Bingo, Michael.

    I once rented the original CVT-equipped model and that engine/tranny combo would have been a total no-sale had I been actually considering buying one. I rented an ’08 Taurus with the revised powertrain, and it was like a different car. Not something that you’d confuse with a BMW, mind you, but as big family cars go, it was a very nice piece.

    It’s a shame – this is really a quite decent car and deserved to sell a lot better than it did. I guess the good news is that these cars are epic bargains on the used car market.

  • avatar
    Ryan Knuckles

    To those complaining about the seats: Did you adjust the lumbar support? It really makes all the difference. I just drove from SE Missouri to Kansas City and back in two days and didn’t notice any discomfort.

    I just bought an ’08 with 30K on the clock for $17K. Pretty outstanding car for the wife, I must say.

    • 0 avatar

      I find a lot of adjustable lumbar supports really inadequate. My Mazda3 has adjustable lumbar support for the driver’s seat, and even cranked out all the way, it’s barely adequate. This is not limited to cars; I have the same problem with office chairs.

  • avatar

    I have spent quite a bit of time behind the wheel of an 05 Five Hundred Limited. (CVT, AWD.) My complaints of that car were quite similar to these. the seats were uncomfortable for long trips. The meager lumbar support that was available on that particular car did not help. (just a lever on the side of the seat) I also found the center arm-rest to be significantly lacking in padding, and yes, the stereo lacked anything resembling “depth.” But taken as a whole, it was a very good car. I strongly recommended the Mercury version described here to my mother when she was car shopping, although she ultimately chose an Accord, for the better fuel economy. Even with these flaws, I would happily accept one of these “large Passats” as my own. and I’d carry a pillow for that darn armrest..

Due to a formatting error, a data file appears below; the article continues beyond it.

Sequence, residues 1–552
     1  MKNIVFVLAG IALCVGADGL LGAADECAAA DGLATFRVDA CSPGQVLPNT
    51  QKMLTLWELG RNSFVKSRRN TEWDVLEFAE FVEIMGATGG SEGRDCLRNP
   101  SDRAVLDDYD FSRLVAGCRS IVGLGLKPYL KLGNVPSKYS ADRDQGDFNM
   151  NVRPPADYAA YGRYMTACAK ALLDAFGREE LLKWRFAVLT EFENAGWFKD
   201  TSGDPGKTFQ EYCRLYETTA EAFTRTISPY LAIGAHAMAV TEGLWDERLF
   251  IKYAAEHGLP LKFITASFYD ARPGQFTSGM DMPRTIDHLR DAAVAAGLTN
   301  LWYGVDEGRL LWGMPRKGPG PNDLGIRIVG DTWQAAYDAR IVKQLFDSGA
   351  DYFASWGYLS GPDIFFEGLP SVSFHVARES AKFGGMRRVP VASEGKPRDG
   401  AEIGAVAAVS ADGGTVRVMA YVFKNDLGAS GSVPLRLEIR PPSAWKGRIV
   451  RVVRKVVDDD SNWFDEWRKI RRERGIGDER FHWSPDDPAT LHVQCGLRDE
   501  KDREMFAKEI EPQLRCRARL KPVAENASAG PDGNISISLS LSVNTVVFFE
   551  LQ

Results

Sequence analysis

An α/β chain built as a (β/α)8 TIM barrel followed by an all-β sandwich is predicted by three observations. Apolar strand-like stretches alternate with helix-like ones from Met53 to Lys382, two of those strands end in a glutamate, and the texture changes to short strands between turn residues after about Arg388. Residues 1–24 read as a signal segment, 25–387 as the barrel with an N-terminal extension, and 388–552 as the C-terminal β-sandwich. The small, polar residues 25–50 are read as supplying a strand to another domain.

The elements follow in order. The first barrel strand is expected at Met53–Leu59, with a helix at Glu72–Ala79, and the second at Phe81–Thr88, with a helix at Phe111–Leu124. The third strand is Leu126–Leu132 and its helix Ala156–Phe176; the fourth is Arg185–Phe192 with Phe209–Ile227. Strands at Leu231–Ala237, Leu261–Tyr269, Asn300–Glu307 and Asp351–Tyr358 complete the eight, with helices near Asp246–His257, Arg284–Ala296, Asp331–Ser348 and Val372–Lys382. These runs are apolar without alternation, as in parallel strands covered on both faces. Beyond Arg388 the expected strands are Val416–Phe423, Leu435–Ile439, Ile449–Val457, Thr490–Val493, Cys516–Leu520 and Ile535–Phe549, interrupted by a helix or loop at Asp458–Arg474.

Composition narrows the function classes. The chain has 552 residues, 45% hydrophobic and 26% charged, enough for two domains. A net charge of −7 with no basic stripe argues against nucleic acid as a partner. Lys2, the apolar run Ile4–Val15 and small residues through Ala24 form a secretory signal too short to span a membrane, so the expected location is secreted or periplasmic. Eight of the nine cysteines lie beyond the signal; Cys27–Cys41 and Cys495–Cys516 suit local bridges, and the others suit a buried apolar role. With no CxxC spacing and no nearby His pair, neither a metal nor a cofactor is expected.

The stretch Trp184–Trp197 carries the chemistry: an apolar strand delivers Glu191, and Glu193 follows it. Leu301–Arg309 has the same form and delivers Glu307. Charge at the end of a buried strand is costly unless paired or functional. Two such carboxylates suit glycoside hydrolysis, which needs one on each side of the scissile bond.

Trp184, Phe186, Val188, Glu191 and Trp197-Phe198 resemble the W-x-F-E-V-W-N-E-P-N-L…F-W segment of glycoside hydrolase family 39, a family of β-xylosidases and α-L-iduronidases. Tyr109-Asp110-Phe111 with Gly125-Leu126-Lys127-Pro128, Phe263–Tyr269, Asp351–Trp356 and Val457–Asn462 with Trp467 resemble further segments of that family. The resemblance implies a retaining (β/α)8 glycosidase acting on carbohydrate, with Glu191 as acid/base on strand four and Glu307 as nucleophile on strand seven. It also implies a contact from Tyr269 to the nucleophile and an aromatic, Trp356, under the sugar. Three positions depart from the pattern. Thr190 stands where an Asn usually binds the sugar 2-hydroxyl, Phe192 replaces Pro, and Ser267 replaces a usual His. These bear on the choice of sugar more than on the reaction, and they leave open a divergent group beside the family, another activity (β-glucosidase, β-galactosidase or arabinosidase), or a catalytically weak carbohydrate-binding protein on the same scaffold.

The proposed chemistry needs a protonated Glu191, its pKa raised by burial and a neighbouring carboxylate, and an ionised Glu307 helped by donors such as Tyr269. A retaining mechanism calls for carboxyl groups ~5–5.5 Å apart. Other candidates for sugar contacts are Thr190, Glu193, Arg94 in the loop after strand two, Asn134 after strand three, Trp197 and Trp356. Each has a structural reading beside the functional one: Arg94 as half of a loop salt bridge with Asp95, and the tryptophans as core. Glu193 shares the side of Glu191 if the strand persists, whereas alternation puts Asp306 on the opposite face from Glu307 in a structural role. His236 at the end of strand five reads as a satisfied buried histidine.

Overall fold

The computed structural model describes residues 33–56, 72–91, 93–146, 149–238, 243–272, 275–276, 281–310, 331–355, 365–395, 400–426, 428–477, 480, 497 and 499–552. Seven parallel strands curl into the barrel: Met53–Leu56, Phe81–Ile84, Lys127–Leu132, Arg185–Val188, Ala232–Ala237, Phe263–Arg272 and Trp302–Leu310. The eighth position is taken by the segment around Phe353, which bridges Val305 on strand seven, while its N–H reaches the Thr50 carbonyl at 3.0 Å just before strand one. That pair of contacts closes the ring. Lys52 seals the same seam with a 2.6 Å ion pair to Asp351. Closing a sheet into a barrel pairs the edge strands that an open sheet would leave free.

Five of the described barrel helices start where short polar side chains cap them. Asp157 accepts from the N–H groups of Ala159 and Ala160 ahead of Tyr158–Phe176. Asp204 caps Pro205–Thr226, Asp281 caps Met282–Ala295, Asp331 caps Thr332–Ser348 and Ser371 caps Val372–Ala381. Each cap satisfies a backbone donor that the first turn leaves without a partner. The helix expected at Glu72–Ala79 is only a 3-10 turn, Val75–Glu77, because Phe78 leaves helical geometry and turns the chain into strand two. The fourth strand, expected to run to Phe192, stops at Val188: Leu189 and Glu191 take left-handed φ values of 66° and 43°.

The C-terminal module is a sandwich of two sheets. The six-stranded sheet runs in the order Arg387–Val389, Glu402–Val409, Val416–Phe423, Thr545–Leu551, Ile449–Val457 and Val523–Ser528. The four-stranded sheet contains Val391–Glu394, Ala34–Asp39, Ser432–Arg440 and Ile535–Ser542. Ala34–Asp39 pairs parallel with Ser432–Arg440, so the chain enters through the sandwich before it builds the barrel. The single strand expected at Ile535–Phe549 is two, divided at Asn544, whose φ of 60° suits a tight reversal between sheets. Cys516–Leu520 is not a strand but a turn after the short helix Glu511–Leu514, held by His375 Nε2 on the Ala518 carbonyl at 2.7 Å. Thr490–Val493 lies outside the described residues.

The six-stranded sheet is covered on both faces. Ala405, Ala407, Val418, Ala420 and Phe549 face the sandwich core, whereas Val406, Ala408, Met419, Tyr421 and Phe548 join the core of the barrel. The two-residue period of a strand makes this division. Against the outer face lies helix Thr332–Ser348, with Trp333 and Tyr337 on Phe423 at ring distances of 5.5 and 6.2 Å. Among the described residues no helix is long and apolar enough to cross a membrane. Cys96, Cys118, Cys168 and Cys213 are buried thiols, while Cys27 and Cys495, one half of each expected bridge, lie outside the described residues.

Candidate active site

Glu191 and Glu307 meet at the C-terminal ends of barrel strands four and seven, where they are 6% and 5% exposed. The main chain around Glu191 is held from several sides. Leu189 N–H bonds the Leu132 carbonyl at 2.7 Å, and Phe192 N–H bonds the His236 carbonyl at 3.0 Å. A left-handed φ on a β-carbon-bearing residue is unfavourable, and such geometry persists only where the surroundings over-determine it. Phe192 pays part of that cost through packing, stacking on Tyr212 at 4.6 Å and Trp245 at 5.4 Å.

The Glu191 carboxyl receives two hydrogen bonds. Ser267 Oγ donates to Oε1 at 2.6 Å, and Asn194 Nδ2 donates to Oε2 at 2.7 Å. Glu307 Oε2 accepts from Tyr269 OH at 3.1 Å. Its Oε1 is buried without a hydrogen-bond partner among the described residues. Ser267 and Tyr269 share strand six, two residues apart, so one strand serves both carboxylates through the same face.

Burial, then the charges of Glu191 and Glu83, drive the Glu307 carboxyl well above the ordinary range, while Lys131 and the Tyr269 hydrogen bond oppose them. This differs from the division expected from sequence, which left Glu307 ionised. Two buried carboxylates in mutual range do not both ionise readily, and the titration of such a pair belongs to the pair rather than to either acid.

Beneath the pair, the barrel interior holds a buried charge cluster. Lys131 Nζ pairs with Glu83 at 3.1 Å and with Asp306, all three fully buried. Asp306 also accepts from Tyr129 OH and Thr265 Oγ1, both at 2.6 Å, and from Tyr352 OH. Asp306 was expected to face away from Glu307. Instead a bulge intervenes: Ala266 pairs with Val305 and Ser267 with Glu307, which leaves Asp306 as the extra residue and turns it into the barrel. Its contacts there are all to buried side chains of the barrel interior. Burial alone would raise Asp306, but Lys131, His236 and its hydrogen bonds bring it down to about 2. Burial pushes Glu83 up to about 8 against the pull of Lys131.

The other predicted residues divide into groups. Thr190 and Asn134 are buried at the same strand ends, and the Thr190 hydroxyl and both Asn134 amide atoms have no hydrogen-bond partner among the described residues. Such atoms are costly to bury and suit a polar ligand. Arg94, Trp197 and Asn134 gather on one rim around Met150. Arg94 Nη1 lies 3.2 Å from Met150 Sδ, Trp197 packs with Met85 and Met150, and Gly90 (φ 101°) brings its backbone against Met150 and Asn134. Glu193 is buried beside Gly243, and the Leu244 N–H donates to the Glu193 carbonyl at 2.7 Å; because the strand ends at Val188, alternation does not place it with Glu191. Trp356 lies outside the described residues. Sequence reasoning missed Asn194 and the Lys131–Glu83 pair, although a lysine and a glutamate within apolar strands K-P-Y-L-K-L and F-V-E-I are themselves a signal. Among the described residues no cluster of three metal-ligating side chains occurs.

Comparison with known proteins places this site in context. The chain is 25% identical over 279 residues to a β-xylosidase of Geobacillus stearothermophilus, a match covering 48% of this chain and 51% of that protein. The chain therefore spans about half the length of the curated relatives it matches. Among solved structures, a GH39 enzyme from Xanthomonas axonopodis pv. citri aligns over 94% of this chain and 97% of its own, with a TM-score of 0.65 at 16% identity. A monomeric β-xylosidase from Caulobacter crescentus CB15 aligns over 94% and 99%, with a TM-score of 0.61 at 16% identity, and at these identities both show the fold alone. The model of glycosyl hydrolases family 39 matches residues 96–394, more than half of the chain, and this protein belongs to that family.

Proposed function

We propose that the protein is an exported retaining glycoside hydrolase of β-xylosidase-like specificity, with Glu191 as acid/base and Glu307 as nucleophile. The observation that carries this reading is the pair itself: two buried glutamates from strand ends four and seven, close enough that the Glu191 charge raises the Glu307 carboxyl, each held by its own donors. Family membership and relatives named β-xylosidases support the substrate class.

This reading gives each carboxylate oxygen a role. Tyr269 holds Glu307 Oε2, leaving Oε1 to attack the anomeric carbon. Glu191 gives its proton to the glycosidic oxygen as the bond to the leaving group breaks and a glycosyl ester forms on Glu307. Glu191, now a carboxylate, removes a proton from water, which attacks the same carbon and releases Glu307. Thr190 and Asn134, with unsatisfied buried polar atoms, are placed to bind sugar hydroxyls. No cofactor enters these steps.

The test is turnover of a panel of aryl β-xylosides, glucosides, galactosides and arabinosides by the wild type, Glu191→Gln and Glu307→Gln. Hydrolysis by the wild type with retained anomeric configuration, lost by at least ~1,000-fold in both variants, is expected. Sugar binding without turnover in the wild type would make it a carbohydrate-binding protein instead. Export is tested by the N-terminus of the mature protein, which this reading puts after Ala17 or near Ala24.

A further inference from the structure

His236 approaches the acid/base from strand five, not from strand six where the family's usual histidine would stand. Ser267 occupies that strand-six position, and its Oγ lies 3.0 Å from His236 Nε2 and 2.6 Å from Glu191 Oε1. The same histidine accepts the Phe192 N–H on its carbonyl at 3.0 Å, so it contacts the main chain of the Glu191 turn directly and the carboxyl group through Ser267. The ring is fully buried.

• avatar

    I sat in a Five Hundred a few years ago at the Chicago auto show. Very roomy. Today I drove our company’s 2010 Taurus and felt like I was in a cocoon. So, I agree with Michael’s comments about packaging.

    What I am confused about is the travel route. Jack, did you see Robert Cray in New York, on Beale St, or both? The opening and closing paragraphs seem to clash.

    • 0 avatar

      B B King Blues Club & Grill
      243 West 42nd Street
      New York, NY 10036-7297

      I think it’s under different management than the chain of BB King’s Blue’s Clubs based in Memphis.

    • 0 avatar
      Jack Baruth

      I saw Robert Cray at the end of March at B.B. King’s in New York. Couldn’t catch his gig in Columbus because I was at the New York Auto Show on those days.

      If I can find a ZHZ, I’ll give it a shot!

      My green car is just a $62,000 Audi S5 with all options except Drive Select.

  • avatar

    “…Today I drove our company’s 2010 Taurus and felt like I was in a cocoon…”

    Agreed. I sat in the Taurus “Executive Express” SHO and it was downright confining…

  • avatar
    Robert Schwartz